Spotlight: Stephanie Nikolopoulos

Stephanie Nikolopoulos

Hobart Festival of Women Writers 2018 is, as always, excited to have Stephanie Nikolopoulos, writer, editor, blogger, and journalist, on our team and as a Participating Writer at Festival 2018.  Stephanie Nikolopoulos, based in New York City, is the author, along with Paul Maher Jr., of Burning Furiously Beautiful: The True Story of Jack Kerouac’s “On the Road.” Stephanie also wrote an introduction to the reissue of the travel classic A Lady’s Life in the Rocky Mountains by Isabella Bird and contributed to Benet’s Reader’s Encyclopedia.  Her personal essays and journalism on visual arts, literature, endangered languages, and Greece and Sweden have appeared in such publications as BOMBlog, Brooklyn Rail, Gothamist, The Literary Traveler, and The Millions as well as mentioned by The New Yorker (Page-Turner), The Paris Review (On the Shelf), The Huffington Post and other media outlets. For more than a decade she has edited books for a publishing house.  She is also the visual arts editor for Burnside Writers Collective, where she writes a column about church architecture called Church Hopping and offers live tours.  She has taught writing classes in New York and Michigan and written curriculum for authors.  She has given readings at the Bowery Poetry Club, Cornelia Street Café (reading at Cornelia Street cafe with David Amram, The Sidewalk Café, and other establishments.

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With her ear to the ground of the publishing world, Stephanie Nikolopoulos has a deep love and understanding of literature and the writing life. She brings her keen insights to the Q&A she conducts for the spotlights of our first-time Participating Writers.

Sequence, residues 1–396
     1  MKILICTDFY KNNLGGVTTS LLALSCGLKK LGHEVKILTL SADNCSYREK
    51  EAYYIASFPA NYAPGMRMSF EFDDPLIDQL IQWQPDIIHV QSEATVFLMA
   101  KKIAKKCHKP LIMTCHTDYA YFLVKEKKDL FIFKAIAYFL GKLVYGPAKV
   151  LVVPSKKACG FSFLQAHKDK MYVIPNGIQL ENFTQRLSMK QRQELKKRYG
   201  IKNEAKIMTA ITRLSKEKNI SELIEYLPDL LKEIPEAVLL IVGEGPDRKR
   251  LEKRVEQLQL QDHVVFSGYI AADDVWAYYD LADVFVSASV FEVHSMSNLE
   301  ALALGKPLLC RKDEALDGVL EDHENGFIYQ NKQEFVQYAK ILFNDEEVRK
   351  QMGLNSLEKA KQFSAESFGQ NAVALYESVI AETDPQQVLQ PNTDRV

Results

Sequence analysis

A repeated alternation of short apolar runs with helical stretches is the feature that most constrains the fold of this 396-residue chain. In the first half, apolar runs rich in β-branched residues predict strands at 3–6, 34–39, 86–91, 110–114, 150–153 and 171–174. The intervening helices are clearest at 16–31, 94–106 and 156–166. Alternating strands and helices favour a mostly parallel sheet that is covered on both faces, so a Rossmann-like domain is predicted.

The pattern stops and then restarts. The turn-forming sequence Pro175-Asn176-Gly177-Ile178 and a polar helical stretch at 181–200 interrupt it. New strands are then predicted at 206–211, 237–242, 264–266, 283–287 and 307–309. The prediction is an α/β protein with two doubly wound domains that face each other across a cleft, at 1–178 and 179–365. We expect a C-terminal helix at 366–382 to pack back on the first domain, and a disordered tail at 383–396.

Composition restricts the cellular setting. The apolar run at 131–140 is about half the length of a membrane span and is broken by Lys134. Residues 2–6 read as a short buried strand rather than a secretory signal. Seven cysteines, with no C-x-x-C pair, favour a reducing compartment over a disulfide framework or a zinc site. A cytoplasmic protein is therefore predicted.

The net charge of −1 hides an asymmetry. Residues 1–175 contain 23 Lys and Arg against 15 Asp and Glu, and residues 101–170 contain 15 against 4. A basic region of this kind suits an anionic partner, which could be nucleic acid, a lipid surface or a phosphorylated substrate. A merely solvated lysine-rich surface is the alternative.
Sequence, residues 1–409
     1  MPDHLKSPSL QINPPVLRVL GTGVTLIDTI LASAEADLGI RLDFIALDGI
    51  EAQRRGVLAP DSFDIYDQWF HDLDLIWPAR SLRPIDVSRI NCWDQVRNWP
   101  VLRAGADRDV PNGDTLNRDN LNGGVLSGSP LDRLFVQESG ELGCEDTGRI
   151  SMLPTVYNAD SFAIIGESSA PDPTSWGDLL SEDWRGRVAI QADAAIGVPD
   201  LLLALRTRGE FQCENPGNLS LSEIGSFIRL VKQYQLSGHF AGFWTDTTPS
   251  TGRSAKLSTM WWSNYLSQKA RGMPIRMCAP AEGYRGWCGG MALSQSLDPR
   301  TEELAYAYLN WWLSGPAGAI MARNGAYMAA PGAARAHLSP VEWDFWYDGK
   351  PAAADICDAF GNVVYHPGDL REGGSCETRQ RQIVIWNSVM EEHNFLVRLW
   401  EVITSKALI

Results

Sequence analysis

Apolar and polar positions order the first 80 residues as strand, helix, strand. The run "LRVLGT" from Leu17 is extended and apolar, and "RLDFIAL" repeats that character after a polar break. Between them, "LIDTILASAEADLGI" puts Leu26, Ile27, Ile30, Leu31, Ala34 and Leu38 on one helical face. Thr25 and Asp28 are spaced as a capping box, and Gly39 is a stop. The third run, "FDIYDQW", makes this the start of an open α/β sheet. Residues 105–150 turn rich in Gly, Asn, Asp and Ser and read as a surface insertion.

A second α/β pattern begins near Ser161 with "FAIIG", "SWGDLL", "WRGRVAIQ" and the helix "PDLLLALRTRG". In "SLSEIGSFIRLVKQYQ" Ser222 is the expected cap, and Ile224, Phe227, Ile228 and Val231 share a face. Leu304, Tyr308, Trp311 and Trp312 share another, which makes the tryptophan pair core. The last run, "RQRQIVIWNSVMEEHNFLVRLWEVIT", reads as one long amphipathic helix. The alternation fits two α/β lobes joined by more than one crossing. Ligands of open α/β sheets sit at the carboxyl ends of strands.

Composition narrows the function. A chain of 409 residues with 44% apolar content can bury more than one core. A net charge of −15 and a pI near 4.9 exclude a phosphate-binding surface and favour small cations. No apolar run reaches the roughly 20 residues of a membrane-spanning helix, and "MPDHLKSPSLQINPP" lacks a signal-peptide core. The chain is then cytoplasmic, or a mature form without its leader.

This week, Breena Clarke turns the tables on Stephanie.

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Breena Clarke, Hobart Festival of Women Writers co-organizer has a few questions for Stephanie Nikolopoulos.0c55835291a2ddd07fede30b2884b3fc-1

BC: What are your thoughts about the value of women writers’ festivals and conferences? Why do we need them? 
SN: The 2016 VIDA Count reported that only 33% of the bylines at The Nation were by women; 35% of the writers for The Paris Review were women; 36% was the number for The Atlantic; 37% of the bylines at Harper’s were by women writers; and 39% of the bylines for The New Yorker were by women. A few well-known literary journals better represented women, such as Jubilat (64.4%), Harvard Review (59.3%), and Prairie Schooner (57.3%). (more about the Vida Count) In the wake of the #metoo movement, we’ve seen Sherman Alexie, Garrison Keillor, and Lorin Stein accused of harassment. There is a greater need for equality and empowerment of women writers, and women writers’ festivals and conferences can help with that.